Sunday, April 28, 2013

Water, the Universal Solvent

Anne Kingston:

The trend to mindfulness would seem to signal mass recognition of the need to slow down and pay attention in a turbo-driven, reactive society. Yet its migration from ashram to boardroom is not without tensions. High-profile Buddhists are taking off the gloves, albeit thoughtfully; they say mindfulness is part of a continuum—one of the seven factors of enlightenment—not a self-help technique or “a path which can lead to bigger profits,” as the Financial Times put it. And long-time practioners worry that mindfulness repackaged as a quick fix or a commercial platform could in fact lead to mindlessness, and reinforce the very problems it’s trying to heal.

...Donald Lopez, a professor of Buddhist and Tibetan studies at the University of Michigan, calls “secular Buddhism” an oxymoron: “Buddhism has always been a religion,” he says. “To see it as a way of life is a modern conceit that disparages the lives and religious practices of Buddhists over thousands of years.” The author of The Scientific Buddha, published in 2012, says belief that “mindfulness” is an ancient Buddhist practice is a fallacy: “There’s a cachet that comes from saying some ancient sage a millennium ago in India invented these things,” he says.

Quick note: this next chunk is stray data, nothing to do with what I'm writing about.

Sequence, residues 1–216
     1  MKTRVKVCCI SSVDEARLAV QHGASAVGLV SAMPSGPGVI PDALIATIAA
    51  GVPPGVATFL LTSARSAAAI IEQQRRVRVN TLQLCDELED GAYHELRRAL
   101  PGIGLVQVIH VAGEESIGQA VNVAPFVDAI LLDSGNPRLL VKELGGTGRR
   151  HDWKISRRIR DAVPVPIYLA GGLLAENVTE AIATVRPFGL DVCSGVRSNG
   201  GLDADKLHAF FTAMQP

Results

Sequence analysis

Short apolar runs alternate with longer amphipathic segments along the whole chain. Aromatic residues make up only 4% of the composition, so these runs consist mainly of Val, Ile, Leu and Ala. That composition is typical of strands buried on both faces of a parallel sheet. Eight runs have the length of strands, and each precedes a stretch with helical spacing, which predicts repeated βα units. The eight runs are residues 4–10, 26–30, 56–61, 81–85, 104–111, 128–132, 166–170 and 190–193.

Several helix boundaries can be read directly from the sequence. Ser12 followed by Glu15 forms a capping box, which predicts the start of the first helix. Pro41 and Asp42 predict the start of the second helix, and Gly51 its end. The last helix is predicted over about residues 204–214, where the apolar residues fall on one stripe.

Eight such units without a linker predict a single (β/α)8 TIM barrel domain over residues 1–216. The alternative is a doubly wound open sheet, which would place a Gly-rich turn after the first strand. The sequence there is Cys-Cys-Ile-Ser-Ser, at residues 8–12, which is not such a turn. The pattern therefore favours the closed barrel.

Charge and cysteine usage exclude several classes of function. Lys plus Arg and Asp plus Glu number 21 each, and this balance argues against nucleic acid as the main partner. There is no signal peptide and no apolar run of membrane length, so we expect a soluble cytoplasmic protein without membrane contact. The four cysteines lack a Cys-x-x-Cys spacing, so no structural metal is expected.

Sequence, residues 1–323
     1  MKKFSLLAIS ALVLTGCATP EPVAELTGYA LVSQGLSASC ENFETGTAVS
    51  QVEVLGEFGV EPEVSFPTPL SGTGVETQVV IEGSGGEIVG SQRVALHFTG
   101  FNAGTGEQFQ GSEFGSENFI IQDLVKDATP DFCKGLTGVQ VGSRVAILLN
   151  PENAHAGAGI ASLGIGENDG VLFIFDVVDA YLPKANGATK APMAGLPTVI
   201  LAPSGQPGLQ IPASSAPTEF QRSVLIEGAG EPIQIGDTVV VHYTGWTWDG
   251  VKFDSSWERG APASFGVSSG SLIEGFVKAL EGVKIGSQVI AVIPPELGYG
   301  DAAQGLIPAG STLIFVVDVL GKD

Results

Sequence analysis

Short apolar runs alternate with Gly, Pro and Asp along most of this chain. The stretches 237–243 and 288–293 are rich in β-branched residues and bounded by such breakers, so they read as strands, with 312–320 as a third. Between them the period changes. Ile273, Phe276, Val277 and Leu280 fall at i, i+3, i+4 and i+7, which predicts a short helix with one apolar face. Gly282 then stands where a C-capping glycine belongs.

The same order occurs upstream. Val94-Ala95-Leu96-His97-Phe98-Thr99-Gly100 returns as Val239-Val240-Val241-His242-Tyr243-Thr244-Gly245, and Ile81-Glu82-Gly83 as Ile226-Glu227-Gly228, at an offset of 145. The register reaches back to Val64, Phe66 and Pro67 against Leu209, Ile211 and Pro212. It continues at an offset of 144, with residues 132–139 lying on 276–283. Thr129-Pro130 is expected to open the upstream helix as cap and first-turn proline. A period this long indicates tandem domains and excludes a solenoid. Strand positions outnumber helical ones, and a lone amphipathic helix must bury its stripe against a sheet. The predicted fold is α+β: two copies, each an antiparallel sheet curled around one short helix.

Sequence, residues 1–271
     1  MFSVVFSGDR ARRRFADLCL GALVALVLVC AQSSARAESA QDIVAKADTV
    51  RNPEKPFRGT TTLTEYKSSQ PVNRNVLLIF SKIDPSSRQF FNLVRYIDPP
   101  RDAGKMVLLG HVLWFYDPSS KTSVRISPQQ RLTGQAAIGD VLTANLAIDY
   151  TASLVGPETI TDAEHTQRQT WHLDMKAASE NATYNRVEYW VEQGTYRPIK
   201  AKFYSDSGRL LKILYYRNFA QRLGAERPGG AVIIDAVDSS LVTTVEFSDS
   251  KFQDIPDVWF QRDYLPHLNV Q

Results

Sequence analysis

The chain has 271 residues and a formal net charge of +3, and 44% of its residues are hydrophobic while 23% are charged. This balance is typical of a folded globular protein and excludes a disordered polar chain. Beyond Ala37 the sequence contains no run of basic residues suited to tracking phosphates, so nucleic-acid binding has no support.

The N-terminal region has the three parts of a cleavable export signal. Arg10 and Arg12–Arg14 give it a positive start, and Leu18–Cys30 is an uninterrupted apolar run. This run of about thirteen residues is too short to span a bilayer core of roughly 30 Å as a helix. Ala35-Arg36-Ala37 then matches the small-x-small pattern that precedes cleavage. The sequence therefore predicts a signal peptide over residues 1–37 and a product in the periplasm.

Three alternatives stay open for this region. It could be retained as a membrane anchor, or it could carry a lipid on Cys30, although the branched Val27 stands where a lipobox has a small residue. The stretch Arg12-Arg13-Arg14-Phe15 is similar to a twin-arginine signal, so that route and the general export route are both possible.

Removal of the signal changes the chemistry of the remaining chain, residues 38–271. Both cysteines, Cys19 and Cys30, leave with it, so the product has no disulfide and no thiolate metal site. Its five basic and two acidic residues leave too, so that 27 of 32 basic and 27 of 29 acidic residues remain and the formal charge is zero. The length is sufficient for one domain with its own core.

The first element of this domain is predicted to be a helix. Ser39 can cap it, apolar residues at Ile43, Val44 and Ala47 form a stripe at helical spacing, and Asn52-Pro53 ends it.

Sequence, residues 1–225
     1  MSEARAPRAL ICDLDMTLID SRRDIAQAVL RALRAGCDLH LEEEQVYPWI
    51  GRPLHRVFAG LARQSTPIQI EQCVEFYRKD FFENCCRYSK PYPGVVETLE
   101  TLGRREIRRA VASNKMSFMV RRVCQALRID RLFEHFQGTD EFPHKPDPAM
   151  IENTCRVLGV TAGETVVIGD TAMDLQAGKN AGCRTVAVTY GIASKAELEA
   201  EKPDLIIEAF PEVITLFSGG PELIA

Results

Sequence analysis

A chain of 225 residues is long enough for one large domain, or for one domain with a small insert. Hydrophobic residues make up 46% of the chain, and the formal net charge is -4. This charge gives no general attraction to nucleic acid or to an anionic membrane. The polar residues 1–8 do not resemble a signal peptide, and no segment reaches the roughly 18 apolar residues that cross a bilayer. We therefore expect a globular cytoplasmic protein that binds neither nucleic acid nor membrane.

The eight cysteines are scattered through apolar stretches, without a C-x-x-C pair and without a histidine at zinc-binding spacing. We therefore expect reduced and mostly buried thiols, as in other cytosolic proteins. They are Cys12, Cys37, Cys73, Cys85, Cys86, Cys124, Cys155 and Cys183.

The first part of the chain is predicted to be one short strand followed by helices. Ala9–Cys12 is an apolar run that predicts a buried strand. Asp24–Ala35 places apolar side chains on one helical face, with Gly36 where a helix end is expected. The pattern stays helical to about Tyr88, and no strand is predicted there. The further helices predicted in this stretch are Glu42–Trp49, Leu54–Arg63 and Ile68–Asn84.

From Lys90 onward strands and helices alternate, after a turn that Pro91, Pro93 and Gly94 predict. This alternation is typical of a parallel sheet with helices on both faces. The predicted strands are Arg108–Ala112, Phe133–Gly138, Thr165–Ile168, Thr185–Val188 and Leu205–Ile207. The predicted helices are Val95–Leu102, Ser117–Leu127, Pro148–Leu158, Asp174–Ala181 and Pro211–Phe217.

There's an omnipresent tension between those who use religious teachings as a means of reinforcing an egocentric worldview and those who use them as challenges to it. Same as it ever was. I will note, though, that Alan Watts claimed Buddhism itself was a reinvention of existing traditions for the sake of particular needs:

Hinduism is not a religion, it is a culture. In this respect, it's more like Judaism than Christianity, because a person is still recognizable as a Jew even though they don't go to synagogue. Jewish people, coming from a long line of Jewish parents and ancestors who have been practicing Jews, still continue certain cultural ways of doing things, certain mannerisms and attitudes, so they are cultural Jews instead of religious Jews. Hinduism is the same sort of thing; it is a religious culture. Being a Hindu really involves living in India. Because of the difference of climate, of arts, crafts and technology, you cannot be a Hindu in the full sense in Japan or the United States.

Buddhism is Hinduism stripped for export. The Buddha was a reformer in the highest sense; someone who wants to go to the original form, or to re-form it for the needs of a certain time.

In panta rheism, such sectarian distinctions are irrelevant, of course. The headwaters are unimportant as meaning and truth can be found at any point along the river, wherever water flows.